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RVS offers online learning option

Rocky View Schools (RVS) students who don’t feel comfortable returning to school because of the COVID-19 pandemic, now have the option to learn online.
Rocky View Schools (RVS) has outlined its online school program for the fall. Photo by Kate F. Mackenzie/Airdrie City View.

Rocky View Schools (RVS) students who don’t feel comfortable returning to school because of the COVID-19 pandemic now have the option to learn online.


“RVS recognizes not all students will be able to return to the classroom this year…and they need a quality online option,” said RVS Board Chair Fiona Gilbert in a press release. “With the safety and well-being of our students and staff at the heart of everything we do, the RVS team has worked hard to design an online program that will help grade 1 to 12 students achieve the necessary learning outcomes.”


RVS released details on its online learning option Aug. 14. According to Superintendent Greg Luterbach, any families who choose online schooling this fall will see a more robust expectation compared to this past spring. Students enrolled for online learning will be assigned the same amount of work as their peers in the classroom, he said.


“This will be the full learning experience and similar to what students will be having face-to-face,” he said. “The hours of work will be similar or the same as if they were attending face-to-face.”


Luterbach said with increased hours and more curriculum to cover compared to the spring, parents need to be available to provide support if they’ve chosen the online format.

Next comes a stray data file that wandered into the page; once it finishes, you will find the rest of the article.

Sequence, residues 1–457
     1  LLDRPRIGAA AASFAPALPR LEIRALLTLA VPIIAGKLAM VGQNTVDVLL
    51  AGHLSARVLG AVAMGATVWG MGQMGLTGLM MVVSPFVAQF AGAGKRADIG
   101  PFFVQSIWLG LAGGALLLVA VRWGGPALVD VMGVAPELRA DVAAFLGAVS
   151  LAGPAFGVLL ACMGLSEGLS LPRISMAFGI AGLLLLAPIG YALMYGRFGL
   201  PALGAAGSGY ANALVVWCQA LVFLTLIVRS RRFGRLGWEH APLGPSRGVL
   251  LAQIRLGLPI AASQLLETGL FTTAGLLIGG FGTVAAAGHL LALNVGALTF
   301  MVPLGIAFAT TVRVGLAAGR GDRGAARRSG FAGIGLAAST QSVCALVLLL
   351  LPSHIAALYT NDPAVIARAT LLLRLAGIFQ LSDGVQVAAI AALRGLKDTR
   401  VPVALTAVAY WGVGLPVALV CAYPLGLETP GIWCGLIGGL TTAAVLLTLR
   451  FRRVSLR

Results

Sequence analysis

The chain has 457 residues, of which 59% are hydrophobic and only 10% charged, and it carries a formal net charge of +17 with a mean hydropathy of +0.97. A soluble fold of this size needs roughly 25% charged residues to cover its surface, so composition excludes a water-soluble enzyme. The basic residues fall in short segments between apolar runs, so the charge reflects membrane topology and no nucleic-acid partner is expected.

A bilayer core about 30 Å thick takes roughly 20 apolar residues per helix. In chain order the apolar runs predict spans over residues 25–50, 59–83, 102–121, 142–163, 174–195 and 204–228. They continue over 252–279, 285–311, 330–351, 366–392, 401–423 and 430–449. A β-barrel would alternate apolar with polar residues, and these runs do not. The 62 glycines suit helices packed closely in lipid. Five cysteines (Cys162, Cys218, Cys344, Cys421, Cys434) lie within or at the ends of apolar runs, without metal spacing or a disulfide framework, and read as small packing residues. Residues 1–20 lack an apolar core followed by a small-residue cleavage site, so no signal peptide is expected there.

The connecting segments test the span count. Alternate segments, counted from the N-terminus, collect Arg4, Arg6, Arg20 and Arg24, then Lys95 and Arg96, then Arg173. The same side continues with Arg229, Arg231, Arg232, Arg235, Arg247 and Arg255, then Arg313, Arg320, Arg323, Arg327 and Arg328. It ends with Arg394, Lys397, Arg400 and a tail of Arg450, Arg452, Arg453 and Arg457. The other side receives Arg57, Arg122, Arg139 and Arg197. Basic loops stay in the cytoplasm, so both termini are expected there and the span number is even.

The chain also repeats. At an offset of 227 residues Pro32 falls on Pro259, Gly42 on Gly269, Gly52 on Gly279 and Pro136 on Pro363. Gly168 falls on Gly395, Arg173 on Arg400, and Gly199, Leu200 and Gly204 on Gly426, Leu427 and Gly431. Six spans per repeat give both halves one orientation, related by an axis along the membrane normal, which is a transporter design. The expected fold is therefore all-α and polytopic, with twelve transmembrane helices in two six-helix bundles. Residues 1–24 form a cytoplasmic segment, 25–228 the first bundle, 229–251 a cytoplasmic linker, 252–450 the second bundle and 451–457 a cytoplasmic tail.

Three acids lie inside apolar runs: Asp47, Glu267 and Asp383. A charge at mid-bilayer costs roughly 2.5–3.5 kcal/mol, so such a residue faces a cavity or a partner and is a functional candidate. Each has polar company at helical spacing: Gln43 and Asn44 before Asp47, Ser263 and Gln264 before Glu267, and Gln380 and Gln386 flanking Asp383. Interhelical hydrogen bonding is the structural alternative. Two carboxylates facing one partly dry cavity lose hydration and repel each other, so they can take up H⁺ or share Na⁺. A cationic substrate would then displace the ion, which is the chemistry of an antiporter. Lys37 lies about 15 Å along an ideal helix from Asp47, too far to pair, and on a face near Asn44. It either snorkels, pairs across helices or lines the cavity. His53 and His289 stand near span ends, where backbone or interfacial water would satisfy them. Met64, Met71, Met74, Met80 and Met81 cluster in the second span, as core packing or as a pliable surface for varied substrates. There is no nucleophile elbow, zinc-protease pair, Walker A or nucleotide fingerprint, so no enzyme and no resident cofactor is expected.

“This isn’t going to be one hour a day like it was in the spring, this is going to be five hours,” he said.


Luterbach said students in grades 1 to 9 would be grouped with peers from their school in the online classes.


Along with the independent learning, Google or Zoom meetings with their classmates will likely occur twice a day, he said.


According to Luterbach, high school students in the online classes will have a more self-paced learning experience than those in younger grades.


“They’ll be signed up for core courses that they’ll do online, and they’ll have access to support from a teacher,” Luterbach said. “They might have some activities they have to do via Zoom, but in most cases, students will work at their own pace and work through those courses.”


Assessments, papers, reports and exams are part of the online program, and Luterbach said it’s essential students are comfortable using the technology.


He added that understanding the expectations of online learning is important as the deadline to enroll is Aug. 24 at 9 a.m. Once families make their decision, they cannot change formats until the new year.


“We want everyone to make an informed decision,” he said. “Then they’re going to need to stick to it until the end of January, and then there could be some swapping.”


Assessing how your child learns best and ensuring family support is in place is important to making the decision, he said.


Luterbach recommended parents ask themselves what supports will be in place to support their child’s development and learning.


He asks parents to fill out the Learning Intent Form, found on the RVS website at, where parents can state the method of learning they will enroll their child in.


According to Luterbach, RVS has received about 5,000 responses so far and hopes to receive the remaining 21,000.


”It’s a quick one-minute online form, and we really need to hear from every family about each one of their children before Aug. 24,” Luterbach said.


“We want everybody to make an informed decision...because certainly both us [the RVS board] and families want their children to be successful.”

Kate F. Mackenzie,
Follow me on Twitter @katefmack

Kate F. Mackenzie

About the Author: Kate F. Mackenzie

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